This article on writing parasitic creatures is part of the Science in Sci-fi, Fact in Fantasy blog series. Each week, we tackle one of the scientific or technological concepts pervasive in sci-fi (space travel, genetic engineering, artificial intelligence, etc.) with input from an expert.
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About the Expert
Robinne Weiss is an entomologist, educator and author who writes speculative fiction and non-fiction for children and adults. She lives in beautiful New Zealand, which she populates with ecologically adapted endemic dragons. Visit her online at robinneweiss.com and follow her on Twitter.
You can’t study entomology without learning a thing or two about parasitism. Insects play roles as parasites, vectors of parasites, and hosts. They’re involved in some of the most economically and socially important parasitic relationships on the planet.
Parasitism is a juicy topic for speculative fiction writers, particularly science fiction and horror. The most famous fictional parasite is arguably the alien in the movie Alien (and subsequent Alien-franchise films). To refresh your memory, in the original movie, an alien creature attaches itself to the face of one of the crew members of a space ship. After some ineffective attempts to forcibly remove it, it drops off dead of its own accord. The hapless crew member seems unaffected by the ordeal … until the alien’s presumed offspring bursts from his chest at dinner one day. The alien then methodically hunts down and kills the majority of the remaining crew on the ship, growing larger and stranger with every meal.
As parasites go, the life cycle of the alien is unusual in some ways, and completely in line with real parasites in others. Let’s take a tour of some real parasites to see how the alien compares, and to possibly give you some great ideas for parasites in your next story.
First off, what’s a parasite?
Simply put, a parasite is an organism that lives in or on a host and feeds off it. It may or may not kill its host, and usually only consumes one or a small number of hosts during its lifetime.
There are various sub-groupings of parasites:
- Ectoparasites live on the outside of their host.
- Endoparasites live inside their host’s body.
- Parasitoids kill their hosts.
- Hyperparasites parasitise other parasites.
One of the most familiar ectoparasites is the human head louse. Many, if not most of us have experienced these little blood suckers first hand. On a parasite scale of 1 (benign) to 10 (deadly), these little insects are a 1. They grasp our hair with long curved claws that have evolved to perfectly fit a human head hair, and enjoy the free food our blood-filled scalp provides. Females lay their eggs on our hair (glued on with a biological cement that has defied parents with nit combs since at least 1500 B.C.) at just the right distance from our warm head to incubate their wee ones for maximum reproduction.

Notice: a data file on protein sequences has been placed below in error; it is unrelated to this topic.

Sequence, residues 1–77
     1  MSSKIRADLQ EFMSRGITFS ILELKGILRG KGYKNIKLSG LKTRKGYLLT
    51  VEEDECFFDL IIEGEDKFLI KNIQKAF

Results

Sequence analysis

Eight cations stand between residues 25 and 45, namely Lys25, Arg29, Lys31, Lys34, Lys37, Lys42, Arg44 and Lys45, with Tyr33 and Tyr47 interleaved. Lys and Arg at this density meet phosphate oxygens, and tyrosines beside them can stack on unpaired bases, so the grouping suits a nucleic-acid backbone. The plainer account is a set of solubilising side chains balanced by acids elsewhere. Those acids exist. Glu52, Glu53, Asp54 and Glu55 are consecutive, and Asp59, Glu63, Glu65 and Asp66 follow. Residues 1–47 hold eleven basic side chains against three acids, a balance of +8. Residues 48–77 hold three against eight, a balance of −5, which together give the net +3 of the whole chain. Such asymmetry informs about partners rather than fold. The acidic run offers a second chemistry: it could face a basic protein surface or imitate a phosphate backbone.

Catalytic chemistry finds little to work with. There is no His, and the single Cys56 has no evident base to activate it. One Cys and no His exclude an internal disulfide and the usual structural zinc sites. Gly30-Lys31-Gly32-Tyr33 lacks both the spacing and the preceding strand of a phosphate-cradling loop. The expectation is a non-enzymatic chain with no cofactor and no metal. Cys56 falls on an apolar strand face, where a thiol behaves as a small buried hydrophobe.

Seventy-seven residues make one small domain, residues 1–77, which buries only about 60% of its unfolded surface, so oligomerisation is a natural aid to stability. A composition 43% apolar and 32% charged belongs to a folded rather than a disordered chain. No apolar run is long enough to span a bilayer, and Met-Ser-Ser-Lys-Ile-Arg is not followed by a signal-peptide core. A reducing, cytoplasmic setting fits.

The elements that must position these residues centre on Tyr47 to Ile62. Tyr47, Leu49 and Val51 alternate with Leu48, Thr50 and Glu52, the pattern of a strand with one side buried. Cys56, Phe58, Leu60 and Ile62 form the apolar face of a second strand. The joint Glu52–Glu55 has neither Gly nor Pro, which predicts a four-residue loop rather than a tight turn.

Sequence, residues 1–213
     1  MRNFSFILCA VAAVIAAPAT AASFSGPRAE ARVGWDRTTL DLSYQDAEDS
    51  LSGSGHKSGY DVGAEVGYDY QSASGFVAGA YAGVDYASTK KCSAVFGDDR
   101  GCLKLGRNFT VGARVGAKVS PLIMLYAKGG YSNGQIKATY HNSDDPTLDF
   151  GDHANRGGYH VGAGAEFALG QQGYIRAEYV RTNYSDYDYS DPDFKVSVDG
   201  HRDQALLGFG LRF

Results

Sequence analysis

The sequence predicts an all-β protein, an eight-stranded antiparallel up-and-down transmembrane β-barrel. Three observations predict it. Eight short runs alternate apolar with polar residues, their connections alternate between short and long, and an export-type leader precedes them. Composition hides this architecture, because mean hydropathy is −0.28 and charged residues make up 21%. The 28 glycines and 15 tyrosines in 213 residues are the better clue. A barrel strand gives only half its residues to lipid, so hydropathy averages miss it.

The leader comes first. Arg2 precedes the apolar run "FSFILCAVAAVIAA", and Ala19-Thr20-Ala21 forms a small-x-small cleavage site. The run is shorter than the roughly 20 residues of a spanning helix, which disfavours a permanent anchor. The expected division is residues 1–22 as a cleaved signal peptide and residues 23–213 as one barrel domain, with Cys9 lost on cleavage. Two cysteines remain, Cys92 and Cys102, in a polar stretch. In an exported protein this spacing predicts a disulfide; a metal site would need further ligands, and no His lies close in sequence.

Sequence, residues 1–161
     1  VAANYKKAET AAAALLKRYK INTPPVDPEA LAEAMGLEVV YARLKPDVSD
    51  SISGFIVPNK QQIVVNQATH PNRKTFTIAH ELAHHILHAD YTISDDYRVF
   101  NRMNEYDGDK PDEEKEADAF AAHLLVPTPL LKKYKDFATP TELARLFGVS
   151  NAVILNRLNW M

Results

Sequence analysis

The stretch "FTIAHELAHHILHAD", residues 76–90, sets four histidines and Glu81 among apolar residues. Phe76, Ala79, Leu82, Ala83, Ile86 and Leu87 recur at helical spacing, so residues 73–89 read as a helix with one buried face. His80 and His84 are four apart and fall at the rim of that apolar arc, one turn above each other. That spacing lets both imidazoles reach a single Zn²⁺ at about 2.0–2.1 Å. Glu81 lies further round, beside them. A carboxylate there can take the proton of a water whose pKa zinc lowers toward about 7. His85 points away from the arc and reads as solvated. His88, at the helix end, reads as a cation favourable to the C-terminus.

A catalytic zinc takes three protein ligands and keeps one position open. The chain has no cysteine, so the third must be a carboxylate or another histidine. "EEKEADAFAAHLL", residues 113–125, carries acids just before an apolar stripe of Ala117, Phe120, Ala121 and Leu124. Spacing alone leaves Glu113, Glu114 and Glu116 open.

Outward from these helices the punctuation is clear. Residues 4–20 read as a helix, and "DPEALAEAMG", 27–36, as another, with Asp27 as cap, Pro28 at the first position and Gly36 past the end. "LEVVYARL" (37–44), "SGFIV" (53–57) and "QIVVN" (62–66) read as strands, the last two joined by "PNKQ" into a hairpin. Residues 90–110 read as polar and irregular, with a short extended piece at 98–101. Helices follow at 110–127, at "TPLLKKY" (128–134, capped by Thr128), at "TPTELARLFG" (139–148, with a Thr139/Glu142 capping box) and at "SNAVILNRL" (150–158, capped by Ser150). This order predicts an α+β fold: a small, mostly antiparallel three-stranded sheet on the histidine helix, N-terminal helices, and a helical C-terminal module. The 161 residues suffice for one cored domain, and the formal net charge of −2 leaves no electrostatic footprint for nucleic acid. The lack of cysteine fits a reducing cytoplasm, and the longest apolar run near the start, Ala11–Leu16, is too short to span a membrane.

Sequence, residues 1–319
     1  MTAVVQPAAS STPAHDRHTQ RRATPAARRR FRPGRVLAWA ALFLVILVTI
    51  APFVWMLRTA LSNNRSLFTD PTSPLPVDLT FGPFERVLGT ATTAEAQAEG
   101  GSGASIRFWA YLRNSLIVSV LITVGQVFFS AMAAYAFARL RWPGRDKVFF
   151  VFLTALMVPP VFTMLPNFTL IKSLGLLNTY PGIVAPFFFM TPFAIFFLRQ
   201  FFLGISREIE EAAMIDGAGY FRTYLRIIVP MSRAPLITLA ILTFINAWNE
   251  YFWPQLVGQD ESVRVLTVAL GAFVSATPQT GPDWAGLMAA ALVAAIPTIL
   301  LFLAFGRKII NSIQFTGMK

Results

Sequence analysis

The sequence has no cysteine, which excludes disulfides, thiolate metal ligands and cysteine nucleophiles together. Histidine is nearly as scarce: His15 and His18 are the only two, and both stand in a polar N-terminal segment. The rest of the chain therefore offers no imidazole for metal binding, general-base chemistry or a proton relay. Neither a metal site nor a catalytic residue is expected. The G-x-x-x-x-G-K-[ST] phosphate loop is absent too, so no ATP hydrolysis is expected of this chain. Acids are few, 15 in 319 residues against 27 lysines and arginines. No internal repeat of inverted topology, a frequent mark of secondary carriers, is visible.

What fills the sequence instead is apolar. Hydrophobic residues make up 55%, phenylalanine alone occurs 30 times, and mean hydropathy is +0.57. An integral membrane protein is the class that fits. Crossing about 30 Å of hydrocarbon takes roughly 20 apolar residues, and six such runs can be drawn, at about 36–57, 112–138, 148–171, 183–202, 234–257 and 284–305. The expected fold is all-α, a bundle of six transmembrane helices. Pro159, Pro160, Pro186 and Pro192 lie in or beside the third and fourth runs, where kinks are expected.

Other ectoparasites of humans include body lice and pubic lice, ticks, and mites (chiggers being the most well-known). In and of themselves, these ectoparasites are minor nuisances, but some of them can transmit bacterial or viral diseases like typhus, rocky mountain spotted fever, lyme disease, and others.
This is where the real parasitic fun begins. Let’s look at some of the most interesting examples of endoparasites, reflecting the diversity and complexity of parasitic relationships.
Horsehair worms (aka Gordian worms): These massive roundworms are parasites of arthropods, and are particularly common in preying mantids, grasshoppers, crickets, and cockroaches. Insects are infected by horsehair worms when they drink water containing the worm larvae or eat other insects that are infected. Once inside the insect’s gut, the worm grows, and grows, and grows. In extreme cases, they can reach 2 metres in length (though most are less than 10 cm), filling much of the insect’s body cavity. When mature, the worm alters its host’s behavior so it seeks water. The worm exits the insect, generally killing it in the process, and swims away to mate and start the cycle over again.
Cordyceps fungi: This genus of fungi parasitizes living creatures, mostly insects. Two well-known examples are ‘vegetable caterpillars’ and ‘zombie ants’. One of the common features of infection by Cordyceps fungi is behavior modification. Toward the end of an infection, the fungus alters the behavior of its insect host so that, when it dies, it’s optimally placed for the fungus to spread its spores. In the case of ‘vegetable caterpillars’, the fungus alters its soil-dwelling host’s behavior so it remains still in its burrow, just below the soil surface, head upward. The fungus fruits from the caterpillar’s head into the air above ground. In the case of zombie ants, the behavior modification is more dramatic. The fungus takes full control of the ant’s movements, making it walk to a perfect location for spore dispersal and in some cases even making it bite a leaf and hold on so it stays put after death. The fungus essentially hijacks the insect’s body to take it where it wants to go.